RPA isn’t necessarily a method for reducing staff requirements or eliminating certain professions. Instead, it’s a technology that empowers employees to focus on tasks that genuinely necessitate a human touch, such as customer-centric activities or those that require creative thinking.
While it may help lighten workloads, RPA is more often seen as an opportunity to reassess staff priorities and realign their duties and objectives to make the most of the new paradigm. Employees can be more productive or branch out into new arenas, creating pathways for growth that can benefit both the workers and the company as a whole.
The Benefits of Robotic Process Automation
Typically, RPA allows monotonous tasks to be handled by a technology instead of your workers. Often, these are some of the most hated duties in the company, so allowing them to be managed by a machine can actually boost morale.
Additionally, it gives your staff the ability to focus on more revenue-generating, customer-centric, or innovative activities. This can enhance productivity and profitability while also providing a business a competitive edge over companies that have yet to embrace the power of the technology.
Ultimately, RPA can be a valuable tool for any company, particularly those who leverage it to enhance productivity and create the needed space to promote innovation and discovery or provide better support to potential and existing customers.
If you would like to know more about robotic process automation or are seeking an IT professional with RPA experience to help implement the technology in your company, the experienced staff at The Armada Group can help. Contact us to speak with one of our knowledgeable team members today and see how our expertise can benefit you.
As a means of securing the highest caliber of IT talent, more companies are embracing remote teams. Not only does this broaden their available talent pools, it also ensures a person’s physical location is largely irrelevant when it comes to hiring. As long as the employee has access to a reliable internet connection and the right tools, they can be just as productive from practically anywhere.
However, if you want to craft a truly remarkable IT team, then you need to manage them properly. Often, this requires company leaders to rethink how they operate, abandoning old paradigms that don’t always work when overseeing a remote workforce.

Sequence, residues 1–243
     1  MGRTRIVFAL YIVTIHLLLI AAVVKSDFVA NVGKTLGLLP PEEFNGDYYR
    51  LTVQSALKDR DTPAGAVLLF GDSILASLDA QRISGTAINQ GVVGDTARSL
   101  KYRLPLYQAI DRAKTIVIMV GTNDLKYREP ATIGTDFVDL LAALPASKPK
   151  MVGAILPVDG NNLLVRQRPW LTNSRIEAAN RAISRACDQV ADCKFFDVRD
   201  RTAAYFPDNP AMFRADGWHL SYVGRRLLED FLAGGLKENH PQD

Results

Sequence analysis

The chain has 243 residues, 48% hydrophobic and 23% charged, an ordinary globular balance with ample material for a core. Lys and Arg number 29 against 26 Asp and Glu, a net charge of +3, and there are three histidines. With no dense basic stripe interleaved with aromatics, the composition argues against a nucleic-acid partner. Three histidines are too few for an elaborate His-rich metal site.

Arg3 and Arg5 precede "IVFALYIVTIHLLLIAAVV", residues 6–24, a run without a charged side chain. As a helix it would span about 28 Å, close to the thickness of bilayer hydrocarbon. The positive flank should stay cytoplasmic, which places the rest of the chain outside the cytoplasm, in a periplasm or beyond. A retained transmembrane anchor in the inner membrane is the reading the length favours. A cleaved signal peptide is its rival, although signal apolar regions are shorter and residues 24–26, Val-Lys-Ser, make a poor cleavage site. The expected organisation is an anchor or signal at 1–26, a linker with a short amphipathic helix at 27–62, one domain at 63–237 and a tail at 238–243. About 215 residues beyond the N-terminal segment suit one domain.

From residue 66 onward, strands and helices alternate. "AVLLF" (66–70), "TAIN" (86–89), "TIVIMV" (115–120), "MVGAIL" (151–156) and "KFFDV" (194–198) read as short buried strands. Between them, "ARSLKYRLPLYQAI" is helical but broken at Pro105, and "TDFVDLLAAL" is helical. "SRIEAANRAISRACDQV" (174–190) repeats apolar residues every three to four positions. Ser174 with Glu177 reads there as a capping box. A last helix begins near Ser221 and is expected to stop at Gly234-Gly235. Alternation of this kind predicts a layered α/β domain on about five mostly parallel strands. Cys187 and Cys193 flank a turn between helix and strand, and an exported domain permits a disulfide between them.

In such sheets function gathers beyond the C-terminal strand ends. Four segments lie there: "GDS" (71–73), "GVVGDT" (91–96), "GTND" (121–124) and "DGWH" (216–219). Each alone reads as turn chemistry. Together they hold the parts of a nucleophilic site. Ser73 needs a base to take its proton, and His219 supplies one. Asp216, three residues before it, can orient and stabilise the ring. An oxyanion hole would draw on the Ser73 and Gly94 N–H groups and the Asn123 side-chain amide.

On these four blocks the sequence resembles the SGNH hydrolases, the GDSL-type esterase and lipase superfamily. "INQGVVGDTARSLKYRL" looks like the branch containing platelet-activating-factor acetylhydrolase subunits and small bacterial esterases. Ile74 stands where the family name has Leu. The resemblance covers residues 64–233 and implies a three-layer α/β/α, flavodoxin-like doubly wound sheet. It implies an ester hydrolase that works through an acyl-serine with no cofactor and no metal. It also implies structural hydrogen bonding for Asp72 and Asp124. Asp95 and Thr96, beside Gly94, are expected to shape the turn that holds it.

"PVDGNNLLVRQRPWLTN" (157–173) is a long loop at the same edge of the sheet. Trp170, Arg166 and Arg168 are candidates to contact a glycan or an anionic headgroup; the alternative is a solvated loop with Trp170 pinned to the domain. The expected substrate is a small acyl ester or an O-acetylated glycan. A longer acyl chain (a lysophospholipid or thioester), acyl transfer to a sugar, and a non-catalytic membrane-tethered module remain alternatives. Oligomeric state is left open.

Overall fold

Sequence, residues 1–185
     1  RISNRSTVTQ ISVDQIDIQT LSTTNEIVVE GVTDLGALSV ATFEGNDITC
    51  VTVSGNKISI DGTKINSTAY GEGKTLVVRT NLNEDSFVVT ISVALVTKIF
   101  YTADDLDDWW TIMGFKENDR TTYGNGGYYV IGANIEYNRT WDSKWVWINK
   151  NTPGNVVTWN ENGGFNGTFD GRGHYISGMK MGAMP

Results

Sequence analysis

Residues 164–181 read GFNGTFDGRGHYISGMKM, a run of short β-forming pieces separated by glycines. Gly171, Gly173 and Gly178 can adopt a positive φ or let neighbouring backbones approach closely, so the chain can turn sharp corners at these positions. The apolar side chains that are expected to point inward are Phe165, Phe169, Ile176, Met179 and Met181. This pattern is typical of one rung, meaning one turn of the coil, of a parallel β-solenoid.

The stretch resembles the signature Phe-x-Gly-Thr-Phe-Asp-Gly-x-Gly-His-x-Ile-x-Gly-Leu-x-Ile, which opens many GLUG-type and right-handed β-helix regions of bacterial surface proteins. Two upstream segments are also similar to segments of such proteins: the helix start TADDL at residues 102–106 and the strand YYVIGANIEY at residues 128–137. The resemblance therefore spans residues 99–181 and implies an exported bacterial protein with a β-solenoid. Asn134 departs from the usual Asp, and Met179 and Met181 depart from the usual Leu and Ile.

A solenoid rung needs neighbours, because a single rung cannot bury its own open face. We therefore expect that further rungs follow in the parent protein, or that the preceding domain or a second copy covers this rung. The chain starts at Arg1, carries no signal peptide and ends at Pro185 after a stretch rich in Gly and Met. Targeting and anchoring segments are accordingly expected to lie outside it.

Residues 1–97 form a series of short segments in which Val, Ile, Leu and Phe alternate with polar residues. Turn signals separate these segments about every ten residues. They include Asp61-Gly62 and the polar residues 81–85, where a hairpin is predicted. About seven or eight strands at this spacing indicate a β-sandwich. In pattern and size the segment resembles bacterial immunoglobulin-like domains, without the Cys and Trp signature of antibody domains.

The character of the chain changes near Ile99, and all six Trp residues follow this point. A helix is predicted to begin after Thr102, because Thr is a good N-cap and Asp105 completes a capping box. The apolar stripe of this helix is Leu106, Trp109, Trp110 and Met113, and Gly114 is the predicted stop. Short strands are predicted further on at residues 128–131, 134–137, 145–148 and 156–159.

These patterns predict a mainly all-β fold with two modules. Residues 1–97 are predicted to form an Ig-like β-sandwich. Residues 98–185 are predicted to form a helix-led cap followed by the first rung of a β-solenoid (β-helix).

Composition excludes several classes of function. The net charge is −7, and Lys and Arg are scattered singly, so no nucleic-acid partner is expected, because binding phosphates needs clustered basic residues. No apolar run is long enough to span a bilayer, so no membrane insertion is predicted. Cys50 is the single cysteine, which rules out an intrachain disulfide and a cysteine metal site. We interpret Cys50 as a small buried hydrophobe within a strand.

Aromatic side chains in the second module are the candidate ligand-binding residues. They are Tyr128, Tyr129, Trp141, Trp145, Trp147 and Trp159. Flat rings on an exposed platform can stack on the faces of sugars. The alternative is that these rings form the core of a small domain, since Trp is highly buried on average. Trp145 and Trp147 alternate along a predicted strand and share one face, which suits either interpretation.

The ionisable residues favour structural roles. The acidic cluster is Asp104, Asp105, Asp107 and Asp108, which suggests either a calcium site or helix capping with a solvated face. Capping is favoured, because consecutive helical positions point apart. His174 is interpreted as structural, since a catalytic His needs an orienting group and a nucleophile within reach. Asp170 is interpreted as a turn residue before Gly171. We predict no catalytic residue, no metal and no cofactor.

If you want your remote IT team to be as successful as possible, here are some tips that can help you manage them effectively.
With remote teams, how you delegate tasks is crucial to your success. Since your employees aren’t physically together, you need to assign activities based on who is most capable of providing the ideal result. This means concentrating more on the quality of the outputs and less on the methods used to achieve them, giving your remote workers the option to select the approach they prefer.
Additionally, it means putting a higher focus on accountability. The remote IT team member assigned to the task must take full responsibility for its completion and success, giving them a sense of ownership and potentially creating a source of motivation.
Focus on Trust
When you manage a remote team, trust is essential. After all, you don’t have the ability to peek in on their work by simply strolling over to their desk. Instead, you have to have faith they can use their expertise to deliver the desired results, even if they aren’t directly observed.
However, with remote teams, you don’t always have the opportunity to build trust before you empower them to take ownership of a task. Instead, you have to extend it first and give them a chance to rise to the occasion, believing they will live up to their end of the bargain practically from the beginning.
While this approach can seem odd, it’s a necessity. Micromanaging a remote team is nearly impossible, so attempting to do so will only breed frustration. But, if you empower them with trust, you give them a chance to thrive.
Make Success Collective
With remote teams, you are often their touchstone, acting as their primary connection to the larger organization. When your IT team achieves a victory, they may not receive accolades from other members of the leadership team simply because they aren’t in the same physical space.
This means you need to help fill that void. Acknowledge and even celebrate group victories often, and strive to show your appreciation for their contributions regularly. Without recognition, your remote IT pros may feel undervalued, and that can harm morale, productivity, and retention rates.